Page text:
A friend of mine asked me last week, “So, what apps do you use?”
It was a good question, so I whipped out my iPhone and started looking through. I was shocked to see I have 102 apps on my phone. Wow, that’s a lot of apps, I thought to myself. Then I started scrolling through and realized how many of them I hadn’t touched in… well, since I could last remember.
Dead apps. Tombstones of a great app description and a non-compelling solution.
Row after row of dead apps. And surprisingly, all of them lived on screens after my homescreen. The homescreen. Turns out it’s home to all of those apps I’d say I use either daily, weekly or really frequently during short infrequent bursts. iMessage, Google Maps, App Store, Twitter, Facebook, Evernote, Couple, Zaarly, Instagram, Tripit and even Tetris (my guilty pleasure while wasting a few minutes). Go one screen in and it’s a wasteland. I did a count and of the ~90 apps not on my homescreen, two I’d used in the past week (Weather & LinkedIn) and four in the last month (Timehop, Bank of America - to deposit a check, Taxi Magic & ParkMobile - to ‘feed the meter’).
Whoa. Six apps out of nearly a hundred I could even recall touching in the past month. A few others I thought I’d use in the future (OpenTable and maybe Flipboard, Uber or Lyft). It’s shocking if you really think about it… I’d say 95% of my app activity is locked onto the home screen. I’m not sure I’d consider myself normal from a smart phone usage pattern, but I wonder if the simplicity of the home screen really is a key. I can honestly say if Apple forced me to only have 16 apps, I could do it… no problem and no issues.
Is there a lesson in here?
Unless you can build a mobile app that your users will and are consistently putting on their homescreen, I don’t think you have App-Market Fit. Even sixteen apps seems like a lot to incorporate into my life.
Breaking my apps by category, here’s what I saw:
– Five (5) Communication Apps (iMessage, Couple, Twitter, Tweetbot, Facebook)
– Two (2) Photo Apps (Camera, Instagram)
– Two (2) Travel Apps (Google Maps, Tripit)
– Two (2) Productivity Apps (Calendar, Evernote)
– One (1) Game (Tetris)
– Three (3) Utility Apps (Settings, App Store, Folder with Calculator+Clock)
– My Own Company’s App (Zaarly)
The commonalities are that these apps help me communicate, consume content, capture content and live more productively. I’d say all are part of my ‘smart-phone’ powered life. I’m not a huge folders guy (in fact the folder on my homescreen is the only one). And I’m a very frequent user of the four bottom bar apps (phone, mail, Safari and Music), and I can’t foresee any of the apps above replacing those four (I even tried Mailbox and was ‘meh’ about it).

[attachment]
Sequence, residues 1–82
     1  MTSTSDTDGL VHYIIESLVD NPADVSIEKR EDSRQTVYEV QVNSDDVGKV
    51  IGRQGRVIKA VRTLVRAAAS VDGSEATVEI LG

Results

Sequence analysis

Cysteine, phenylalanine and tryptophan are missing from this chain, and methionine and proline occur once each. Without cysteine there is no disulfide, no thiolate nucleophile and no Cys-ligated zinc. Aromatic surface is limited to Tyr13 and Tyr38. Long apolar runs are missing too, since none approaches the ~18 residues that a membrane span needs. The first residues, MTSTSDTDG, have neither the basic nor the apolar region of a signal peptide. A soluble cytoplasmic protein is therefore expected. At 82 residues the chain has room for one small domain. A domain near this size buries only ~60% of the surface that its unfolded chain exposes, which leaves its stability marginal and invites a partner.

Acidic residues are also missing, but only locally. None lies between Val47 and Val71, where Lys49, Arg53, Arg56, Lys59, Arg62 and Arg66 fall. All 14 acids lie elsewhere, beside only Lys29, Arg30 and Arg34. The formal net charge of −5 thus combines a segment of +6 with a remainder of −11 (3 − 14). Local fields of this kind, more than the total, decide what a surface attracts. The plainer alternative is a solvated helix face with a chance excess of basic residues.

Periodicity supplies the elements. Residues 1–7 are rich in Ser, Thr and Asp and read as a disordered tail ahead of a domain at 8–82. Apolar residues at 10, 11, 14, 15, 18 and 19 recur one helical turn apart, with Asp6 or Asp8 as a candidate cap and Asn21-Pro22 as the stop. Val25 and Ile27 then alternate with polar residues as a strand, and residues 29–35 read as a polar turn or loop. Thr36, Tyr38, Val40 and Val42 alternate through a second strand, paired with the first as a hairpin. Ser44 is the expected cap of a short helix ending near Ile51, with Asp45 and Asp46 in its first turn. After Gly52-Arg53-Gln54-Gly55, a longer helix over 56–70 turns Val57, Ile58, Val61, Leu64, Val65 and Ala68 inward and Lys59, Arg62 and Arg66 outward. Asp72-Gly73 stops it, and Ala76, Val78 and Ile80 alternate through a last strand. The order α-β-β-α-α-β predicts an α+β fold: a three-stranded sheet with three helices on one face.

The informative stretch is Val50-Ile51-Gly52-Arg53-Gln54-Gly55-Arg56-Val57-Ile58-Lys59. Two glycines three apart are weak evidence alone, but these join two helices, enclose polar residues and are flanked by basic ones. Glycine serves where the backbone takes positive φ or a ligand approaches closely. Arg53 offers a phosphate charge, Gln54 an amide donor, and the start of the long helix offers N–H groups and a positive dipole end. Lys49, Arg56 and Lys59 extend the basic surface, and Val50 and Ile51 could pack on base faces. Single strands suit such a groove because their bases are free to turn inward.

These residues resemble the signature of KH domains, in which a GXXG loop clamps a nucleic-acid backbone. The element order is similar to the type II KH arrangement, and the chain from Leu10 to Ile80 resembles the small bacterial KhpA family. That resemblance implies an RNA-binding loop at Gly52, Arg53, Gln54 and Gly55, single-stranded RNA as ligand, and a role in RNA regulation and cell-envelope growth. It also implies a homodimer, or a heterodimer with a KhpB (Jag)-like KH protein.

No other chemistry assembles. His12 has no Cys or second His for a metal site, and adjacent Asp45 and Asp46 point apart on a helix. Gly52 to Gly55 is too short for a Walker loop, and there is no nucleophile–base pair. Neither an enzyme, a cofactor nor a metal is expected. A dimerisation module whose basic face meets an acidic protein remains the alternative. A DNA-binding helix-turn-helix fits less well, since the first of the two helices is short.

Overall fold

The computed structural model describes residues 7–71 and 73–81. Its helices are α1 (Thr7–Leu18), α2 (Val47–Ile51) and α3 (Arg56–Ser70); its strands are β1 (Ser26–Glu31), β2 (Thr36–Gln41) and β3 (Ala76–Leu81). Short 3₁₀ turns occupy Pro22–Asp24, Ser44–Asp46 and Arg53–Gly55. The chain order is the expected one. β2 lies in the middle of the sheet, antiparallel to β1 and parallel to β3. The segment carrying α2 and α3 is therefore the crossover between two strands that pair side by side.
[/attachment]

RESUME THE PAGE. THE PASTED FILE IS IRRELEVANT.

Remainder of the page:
What would it take to get your app onto my homescreen?
Well, you’d probably have to bump one of my Twitter clients or the Settings Apps. Do-able. You’d probably be fighting with Open Table, which is “On Deck” in my brain. If I was living in SF again, I’d say you’d be fighting with Lyft or Uber.
If you are building a new app or have an app targeted at smart phone users, I think you need to have a ‘home screen’ strategy. It’s great to have 96 apps on my phone, but I am really only patronizing the first 16, plus their four compatriots in the bottom bar. And unless you can convince your users to bump another app and put a spot for you in the ‘home’, I’m not convinced you can capture mindshare.
I think there are a few apps that are doing a good job at capturing Home Screen real estate based on what I hear from friends. The taxi and ride apps such as Uber, Lyft, Sidecar and TaxiMagic are common for frequent taxi takers, but still seem part of the tech set for the most part. Instagram and Path are both common ones I see (Path more in the startup/tech scene though). Pandora and Spotify seem common homescreen music apps, and I see a few fitness apps such as MyFitnessPal and Nike on home screens. Yelp, Foursquare and Open Table are each players for real estate. And games continue to be a common one, but there seems to be little commonality there other than Words With Friends, Angry Birds and Plants vs. Zombies.
Do you have a strategy to get on my homescreen? Is it something you activity “teach” your users, ask for or recommend? Are there any companies that have done a great job at getting on that home screen?
I have no data to back this up, but I’d bet that 80-90% of any app’s Daily Active Users have that app on the home screen.
What is missing from the list?
A better address book could snag a spot – Brewster is trying that route. Hotel Tonight and Hipmunk could snag a spot for travel, but I don’t find myself booking travel on my phone much. I also see a spot potentially for online document management, which is currently being fought by DropBox and Google Drive.
And listen, if you think by blasting me with a bunch of push notifications (glares over at Groupon and Living Social apps) that I’m going to put you on the homescreen, you are sadly mistaken. ;-)
Smart phones are inherently an extension of the owner. My apps are personal to me, but I do think it is common that we spend 90% of our time with 5-10% of our apps. And as you think about your app, figure out how to make something your community and your audience love. If you build and market something mainstream, you’ll find yourself in the app graveyard and then you’ve got a bunch of downloads and an inactive community.
So just what would it take for me to get an app onto your homescreen?